Understanding that we cannot rely on human beings to be infallible, a group of patient advocates has met repeatedly with the FDA to educate the officials charged with evaluating eteplirsen. Six meetings have taken place over the past year; one lasted 3.5 hours. Yet the children are no closer to being treated. Earlier this month, I joined these advocates in bringing seven of the world's Duchenne experts to meet with the FDA. If the government officials won't listen to us, we reasoned, surely they would listen to the experts.
The physicians and researchers came from as far as Perth, London, and Toronto. All in attendance -- including the Harvard professor who discovered dystrophin in 1987 -- agreed that eteplirsen is producing the missing protein. All agreed that producing dystrophin is more than "reasonably likely" to lead to clinical benefit. All agreed that we are in fact already seeing clinical benefit in the 12 boys exposed to treatment.
"I was actually shocked by the lack of knowledge about Duchenne by all of the representatives of the FDA," commented one physician who participated in the meeting. Another doctor remarked, "I cannot believe how flippant he was," when describing one of the FDA officials tasked with deciding whether my son and thousands of other children will get access to a treatment that could save their lives. I could stomach this lack of knowledge and lack of urgency on the part of our government bureaucracy if it means I won't get my patent. But no parent should have to tolerate this when her child's life is at stake.
For months we've been playing by the rules. We hired a government relations firm to hone our "messaging" and to help get Congress on board. We hired a PR firm to help rouse the public to action. For the past 10 years, the charity I run has spent a miniscule 4-6 percent on expenses not directly related to medical research and drug development. In the past three months alone we have spent tens of thousands of dollars trying to get the FDA to follow the law.
My advisors tell me to keep working the system, to keep the door cracked open by giving FDA officials opportunities to "save face" and encourage a new drug application for eteplirsen. But I cannot allow any more time to go by. On Oct. 3, 2012 when data was released after nearly a year of treatment, I received an email from a well-respected Duchenne physician. The subject line read "Oh Happy Day."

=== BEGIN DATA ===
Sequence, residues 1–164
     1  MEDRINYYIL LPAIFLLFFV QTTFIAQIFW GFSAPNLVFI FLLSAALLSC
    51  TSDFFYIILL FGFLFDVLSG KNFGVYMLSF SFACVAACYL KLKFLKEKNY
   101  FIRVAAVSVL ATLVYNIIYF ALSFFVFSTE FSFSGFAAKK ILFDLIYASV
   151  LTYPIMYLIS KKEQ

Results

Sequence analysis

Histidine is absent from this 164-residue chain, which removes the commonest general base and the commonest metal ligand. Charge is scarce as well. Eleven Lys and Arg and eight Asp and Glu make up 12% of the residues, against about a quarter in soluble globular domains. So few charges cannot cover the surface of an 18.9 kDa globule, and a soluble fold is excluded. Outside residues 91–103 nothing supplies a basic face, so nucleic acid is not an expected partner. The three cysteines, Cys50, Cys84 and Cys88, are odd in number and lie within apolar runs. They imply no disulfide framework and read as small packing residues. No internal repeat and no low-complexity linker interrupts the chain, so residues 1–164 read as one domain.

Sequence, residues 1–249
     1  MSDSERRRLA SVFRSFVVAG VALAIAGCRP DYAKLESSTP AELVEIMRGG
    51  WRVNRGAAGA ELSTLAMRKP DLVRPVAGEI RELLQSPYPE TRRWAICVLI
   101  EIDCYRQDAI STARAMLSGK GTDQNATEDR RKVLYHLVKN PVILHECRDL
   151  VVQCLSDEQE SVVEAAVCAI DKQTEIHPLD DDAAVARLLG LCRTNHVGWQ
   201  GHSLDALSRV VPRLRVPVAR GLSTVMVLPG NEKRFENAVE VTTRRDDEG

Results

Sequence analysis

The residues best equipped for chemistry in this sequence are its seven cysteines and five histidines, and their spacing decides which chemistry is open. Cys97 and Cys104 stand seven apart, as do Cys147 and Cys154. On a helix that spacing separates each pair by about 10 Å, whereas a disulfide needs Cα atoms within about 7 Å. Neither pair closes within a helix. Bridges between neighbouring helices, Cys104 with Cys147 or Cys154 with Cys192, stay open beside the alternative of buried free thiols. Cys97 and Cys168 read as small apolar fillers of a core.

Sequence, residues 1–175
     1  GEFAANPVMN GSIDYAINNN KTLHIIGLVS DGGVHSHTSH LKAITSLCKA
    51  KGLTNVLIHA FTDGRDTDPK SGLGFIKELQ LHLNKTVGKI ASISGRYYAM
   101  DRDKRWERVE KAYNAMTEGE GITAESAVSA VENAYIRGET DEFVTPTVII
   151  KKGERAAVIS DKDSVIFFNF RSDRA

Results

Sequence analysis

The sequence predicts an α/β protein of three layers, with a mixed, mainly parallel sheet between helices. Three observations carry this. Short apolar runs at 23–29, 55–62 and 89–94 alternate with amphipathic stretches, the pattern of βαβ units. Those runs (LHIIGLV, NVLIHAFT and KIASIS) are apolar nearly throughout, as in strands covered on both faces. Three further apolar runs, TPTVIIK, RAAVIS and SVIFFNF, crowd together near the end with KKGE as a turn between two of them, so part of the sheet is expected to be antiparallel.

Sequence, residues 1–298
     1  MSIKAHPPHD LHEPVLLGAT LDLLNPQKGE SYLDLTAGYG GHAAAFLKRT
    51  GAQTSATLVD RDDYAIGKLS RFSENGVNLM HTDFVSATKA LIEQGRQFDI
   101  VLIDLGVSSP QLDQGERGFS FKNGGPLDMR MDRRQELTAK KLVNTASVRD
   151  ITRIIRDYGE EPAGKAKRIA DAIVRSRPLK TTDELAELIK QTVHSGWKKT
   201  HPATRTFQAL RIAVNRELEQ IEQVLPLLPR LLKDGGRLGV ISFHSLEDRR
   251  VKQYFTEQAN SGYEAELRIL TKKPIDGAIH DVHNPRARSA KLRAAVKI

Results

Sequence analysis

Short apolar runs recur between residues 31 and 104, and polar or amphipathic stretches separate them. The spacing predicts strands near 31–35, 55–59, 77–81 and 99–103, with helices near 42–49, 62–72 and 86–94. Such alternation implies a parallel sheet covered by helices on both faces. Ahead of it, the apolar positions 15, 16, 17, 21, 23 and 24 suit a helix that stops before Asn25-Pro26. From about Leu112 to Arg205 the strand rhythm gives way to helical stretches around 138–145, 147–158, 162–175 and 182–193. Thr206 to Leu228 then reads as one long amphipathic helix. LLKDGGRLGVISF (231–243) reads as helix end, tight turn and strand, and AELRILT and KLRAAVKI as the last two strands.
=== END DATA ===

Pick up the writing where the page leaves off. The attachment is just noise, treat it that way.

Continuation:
I just saw the results of the 48-week data of eteplirsen. There is no doubt that exon skipping works in Duchenne. This changes the face of Duchenne ... I'm sitting in my office unable to do anything. To think that some little boy who would have become quadriplegic and die early will not now...
I received that email 16 months ago. I wonder how many boys with Duchenne have become quadriplegic since then. Duchenne affects approximately 20,000 people in the United States alone. The disease knows no ethnic or geographic bounds; it affects children all over the world in equal numbers. Families all over the world are anxiously waiting for the United States to lead the way toward a new treatment. Yesterday a father from Jordan called my office to ask if "your government" has agreed to allow access to the new medicine yet.
For 18 months now it has been clear to the patients and the doctors that this drug has a real shot at improving children's lives. In that time, my son has lost the ability to get up off the floor without help. This winter he has stayed inside because it's too exhausting to walk in the snow. He can no longer get a gallon of milk out of the fridge. How much longer should I wait for the FDA officials to come around? Should I wait until he needs a wheelchair full-time? Should I wait until he has to rely on a bi-pap machine to breathe at night? Should I wait until I'm planning his funeral?